Spoon out the mushrooms and set aside.  Add the olive oil to the same pan and heat over medium.  Add the rice and stir it around until all the grains are coated in the oil.  Reduce the heat to medium low and add 1/2 cup of the marsala wine.  Use your spoon to stir the rice as well as deglaze the bottom of the pan.  Once almost all of the marsala wine has cooked off you can start ladeling in the stock.  Add 1 ladelful at a time, stirring near constantly.  Once the rice starts looking dry add in another ladelful.  After about 25 minutes, add the mushrooms and chicken to the pot and start checking the doneness of the rice.  It will probably take another 5 minutes to cook.  Once the rice is done (it’s tender with just a little bit of bite to it) stir in the remaining 1/2 cup of marsala and cook it for 1 minute more so most if not all of the wine is absorbed.  Take it off the heat and stir in the parmesan.  Check for seasoning and add salt and pepper if needed and serve immediately.

Corn Risotto

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To me cooking is like therapy – I can stop thinking about everything else in the world and just focus on turning raw ingredients into great food.  I like the ritual of cooking classics and I like the fun and excitement of cooking new things.  Of course the result itself can often serve as its own sort of remedy, especially comfort food.  Risotto is one of my favorite therapeutic meals because the method is so soothing and the meal itself is creamy and soft and lovely.  I have been toying with the idea of making a corn risotto for a while so when we were on the Eastern Shore of Maryland a couple of weeks ago I made sure to pick up some super fresh ears from a farm stand.  The sweetness of the corn is such a good match with the creaminess of the risotto.  Here I made my own corn broth using the cobs of the corn going into the risotto.  I think this really bumps up the corn flavor but it also adds about 40 minutes to the process.  You could either make the broth the day before and just store the kernels in the fridge or skip that step all together and use chicken or veggie stock you have on hand.

One common misconception about risotto is that there is actual cream in it – there isn’t.  Ok maybe some recipes include it, and I am SURE it wouldn’t be bad, but it’s just not needed.  The special aborio rice used in risotto is really starchy so as you slowly cook it with stock the starch is released and creates its own creaminess.  Whether you are making corn risotto or another kind there are certain rules of the road that you should follow to ensure the right texture.  Once you have learned the basics risotto can really become a vehicle for any ingredient you would like.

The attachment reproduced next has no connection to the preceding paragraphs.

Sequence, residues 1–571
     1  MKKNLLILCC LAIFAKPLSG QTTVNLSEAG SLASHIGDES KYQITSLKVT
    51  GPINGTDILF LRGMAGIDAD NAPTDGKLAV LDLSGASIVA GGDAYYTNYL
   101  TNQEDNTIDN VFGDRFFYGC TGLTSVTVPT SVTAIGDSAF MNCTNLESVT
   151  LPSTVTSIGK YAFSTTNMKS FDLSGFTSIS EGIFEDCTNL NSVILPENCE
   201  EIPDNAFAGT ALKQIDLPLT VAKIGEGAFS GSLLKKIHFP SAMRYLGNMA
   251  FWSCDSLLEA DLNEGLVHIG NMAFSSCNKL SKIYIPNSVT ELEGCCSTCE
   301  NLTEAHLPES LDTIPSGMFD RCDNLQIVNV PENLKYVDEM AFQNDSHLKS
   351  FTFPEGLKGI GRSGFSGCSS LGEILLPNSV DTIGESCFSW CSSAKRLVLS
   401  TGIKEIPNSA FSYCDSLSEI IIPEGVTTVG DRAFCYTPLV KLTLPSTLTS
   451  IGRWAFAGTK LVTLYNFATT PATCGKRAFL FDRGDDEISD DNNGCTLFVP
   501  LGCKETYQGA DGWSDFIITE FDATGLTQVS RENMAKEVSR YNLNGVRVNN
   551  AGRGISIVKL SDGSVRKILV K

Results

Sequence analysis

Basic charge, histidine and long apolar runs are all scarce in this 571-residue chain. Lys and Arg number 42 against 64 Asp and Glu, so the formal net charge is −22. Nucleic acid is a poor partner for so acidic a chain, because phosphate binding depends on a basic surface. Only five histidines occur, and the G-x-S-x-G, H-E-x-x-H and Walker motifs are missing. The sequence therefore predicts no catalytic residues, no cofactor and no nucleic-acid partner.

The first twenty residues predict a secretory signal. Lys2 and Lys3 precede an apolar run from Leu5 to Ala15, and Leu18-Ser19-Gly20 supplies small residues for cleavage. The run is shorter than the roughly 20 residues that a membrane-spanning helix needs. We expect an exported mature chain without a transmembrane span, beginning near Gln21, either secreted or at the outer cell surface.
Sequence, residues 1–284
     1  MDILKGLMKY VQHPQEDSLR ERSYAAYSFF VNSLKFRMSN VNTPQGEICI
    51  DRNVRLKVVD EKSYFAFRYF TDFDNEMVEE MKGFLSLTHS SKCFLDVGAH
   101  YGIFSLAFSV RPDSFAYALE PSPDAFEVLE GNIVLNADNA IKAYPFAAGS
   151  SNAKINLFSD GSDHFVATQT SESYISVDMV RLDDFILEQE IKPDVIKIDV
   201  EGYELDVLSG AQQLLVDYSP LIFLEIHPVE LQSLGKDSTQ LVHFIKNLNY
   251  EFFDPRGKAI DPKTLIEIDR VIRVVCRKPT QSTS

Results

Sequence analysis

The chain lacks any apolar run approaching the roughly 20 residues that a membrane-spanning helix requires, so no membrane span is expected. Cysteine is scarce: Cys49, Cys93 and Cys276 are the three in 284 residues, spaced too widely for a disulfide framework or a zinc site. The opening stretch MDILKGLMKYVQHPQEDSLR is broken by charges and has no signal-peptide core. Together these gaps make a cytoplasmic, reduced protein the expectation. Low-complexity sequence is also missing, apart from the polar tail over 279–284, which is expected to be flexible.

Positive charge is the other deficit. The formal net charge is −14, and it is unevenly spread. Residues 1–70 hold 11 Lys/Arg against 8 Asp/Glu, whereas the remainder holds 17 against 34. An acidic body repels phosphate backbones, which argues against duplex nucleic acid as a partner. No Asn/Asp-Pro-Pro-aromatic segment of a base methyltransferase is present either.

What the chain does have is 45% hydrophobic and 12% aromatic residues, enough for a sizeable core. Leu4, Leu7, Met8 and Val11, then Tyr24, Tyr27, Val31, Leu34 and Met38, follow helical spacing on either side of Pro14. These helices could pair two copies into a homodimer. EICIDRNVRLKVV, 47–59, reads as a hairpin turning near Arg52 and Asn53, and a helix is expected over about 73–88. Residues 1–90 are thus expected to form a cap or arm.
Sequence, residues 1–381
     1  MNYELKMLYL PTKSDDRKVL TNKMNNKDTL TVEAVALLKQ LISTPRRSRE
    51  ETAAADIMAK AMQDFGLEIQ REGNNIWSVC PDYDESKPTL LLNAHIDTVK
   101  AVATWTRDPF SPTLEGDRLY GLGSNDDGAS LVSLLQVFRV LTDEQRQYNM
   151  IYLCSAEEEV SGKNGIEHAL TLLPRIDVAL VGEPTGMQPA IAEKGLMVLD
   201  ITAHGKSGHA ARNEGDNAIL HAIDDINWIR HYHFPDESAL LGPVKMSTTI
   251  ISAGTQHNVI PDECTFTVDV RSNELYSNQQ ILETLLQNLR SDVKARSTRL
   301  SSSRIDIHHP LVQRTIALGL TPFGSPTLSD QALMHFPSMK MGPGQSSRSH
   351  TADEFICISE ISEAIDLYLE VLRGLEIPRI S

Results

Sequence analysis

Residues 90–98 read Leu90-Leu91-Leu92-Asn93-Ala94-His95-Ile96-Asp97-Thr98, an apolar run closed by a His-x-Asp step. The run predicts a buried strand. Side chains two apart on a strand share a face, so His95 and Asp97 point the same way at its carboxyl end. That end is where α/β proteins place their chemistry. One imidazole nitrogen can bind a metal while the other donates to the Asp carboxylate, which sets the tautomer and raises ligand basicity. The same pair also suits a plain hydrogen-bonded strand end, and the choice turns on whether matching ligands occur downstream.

Corn Risotto 

  • 2 ears of corn – kernels cut off and cobs reserved
  • 1 onion, unpeeled cut in quarters
  • 2 carrots, unpeeled cut in half
  • 1 celery rib, cut in pieces
  • 1/2 a bunch of thyme
  • 2 bay leaves
  • 2 cloves of garlic, smashed
  • 1 teaspoon salt
  • 1 teaspoon whole peppercorns
  • 6 cups of chicken or veggie stock if not making the corn stock
  • 2 tablespoons butter
  • 2 tablespoons olive oil
  • 3 shallots, chopped
  • 1 cup aborio rice
  • 1/2 cup white wine
  • 1 cup grated parmesan cheese
  • chives

If you are making the corn stock put the corn cobs (kernels removed) in a large pot with the onion, carrots, celery, thyme, bay leaves, garlic, salt and peppercorns.  Cover with 6 cups of water and then bring to a boil.  Cover and then reduce the heat to low and let it simmer for 30 minutes.  When its done strain the liquid into a smaller saucepan, removing all the solids.  Warm the stock over low heat.  If you are not making the corn stock at this point add the chicken or veggie stock to a small saucepan and warm over low heat.  In a high sided skillet melt the butter over medium heat, then add the shallots and cook for 2 minutes.  Add the olive oil and increase the heat to medium to medium high and add the corn kernels.  Season with salt and pepper and cook for 4 to 5 minutes.  The sugars in the corn will start to caramelize and crust up the bottom of the pan which is fine, just don’t let the corn burn (if you need to turn down the heat).

Add the rice and stir it around until all the grains are coated in the oil and butter.  Reduce the heat to medium low again.  Splash in the wine and use your spoon to stir the rice as well as deglaze the bottom of the pan.  Once almost all of the wine has cooked off you can start ladeling in the stock.  Add 1 ladelful at a time, stirring near constantly.  Once the rice starts looking dry add in another ladelful.

After about 25 minutes I start checking the doneness of the rice but usually it will take closer to 30 or 35 minutes to cook.  Once the rice is done (it’s tender with just a little bit of bite to it) take it off the heat and stir in the parmesan.  Check for seasoning and add salt and pepper if needed.  Top with chopped chives and serve immediately.